Next: Portfolio and Hedging Strategies
Option Pricing Models
Financial Instruments Toolbox provides several approaches for option pricing.
Models for closed-form option pricing include:
- Black Scholes, for calculating price and sensitivity for equity options, futures, and foreign currencies
- Black, for calculating implied volatility, price, and sensitivity for equity options and options on futures
- Garman-Kohlhagen, for calculating price and sensitivity for foreign exchange options
- Roll-Geske-Whaley and Bjerksund-Stensland, for calculating implied volatility, price, and sensitivity for American call options
- Nengjiu Ju, for calculating price and sensitivity for European basket options using an approximation model
- Stultz, for calculating price and sensitivity of rainbow options with the minimum and maximum of two risky assets
Binomial and Trinomial Trees
Models for binomial and trinomial trees include pricing and sensitivity calculations for interest-rate derivatives and equity derivatives.
- Interest-rate derivatives help compute prices and sensitivities of interest-rate contingent claims based on different models: Heath-Jarrow-Morton (HJM), Black-Derman-Toy (BDT), Hull-White (HW), and Black-Karasinkski (BK).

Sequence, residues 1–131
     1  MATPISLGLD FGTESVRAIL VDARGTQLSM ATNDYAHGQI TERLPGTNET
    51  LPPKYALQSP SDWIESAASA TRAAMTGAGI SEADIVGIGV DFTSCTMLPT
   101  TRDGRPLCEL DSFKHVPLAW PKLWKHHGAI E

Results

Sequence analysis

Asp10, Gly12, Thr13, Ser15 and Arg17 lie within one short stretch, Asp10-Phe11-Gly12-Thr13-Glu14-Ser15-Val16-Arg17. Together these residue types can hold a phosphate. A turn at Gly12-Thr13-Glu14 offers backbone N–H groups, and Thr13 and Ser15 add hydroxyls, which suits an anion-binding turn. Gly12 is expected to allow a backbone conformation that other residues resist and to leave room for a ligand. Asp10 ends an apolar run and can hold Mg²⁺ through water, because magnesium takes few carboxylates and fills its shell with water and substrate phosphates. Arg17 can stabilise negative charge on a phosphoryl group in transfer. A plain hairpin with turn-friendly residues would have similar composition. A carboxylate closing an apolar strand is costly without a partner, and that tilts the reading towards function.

- Equity derivatives provide several types of recombining tree models to represent the evolution of stock prices: Cox-Ross-Rubinstein (CRR), equal probabilities (EQP), Leisen-Reimer (LR), and implied trinomial tree (ITT).
Monte Carlo Simulation
Option pricing with Monte Carlo simulation helps you calculate price and sensitivity for path-dependent or basket options that are difficult or not practical to price using trees. Financial Instruments Toolbox supports the Longstaff-Schwartz model for calculating price and sensitivity of basket equity options. Optionally, you can use the stochastic differential equation (SDE) solvers in Econometrics Toolbox™ to build custom Monte Carlo simulations for option pricing.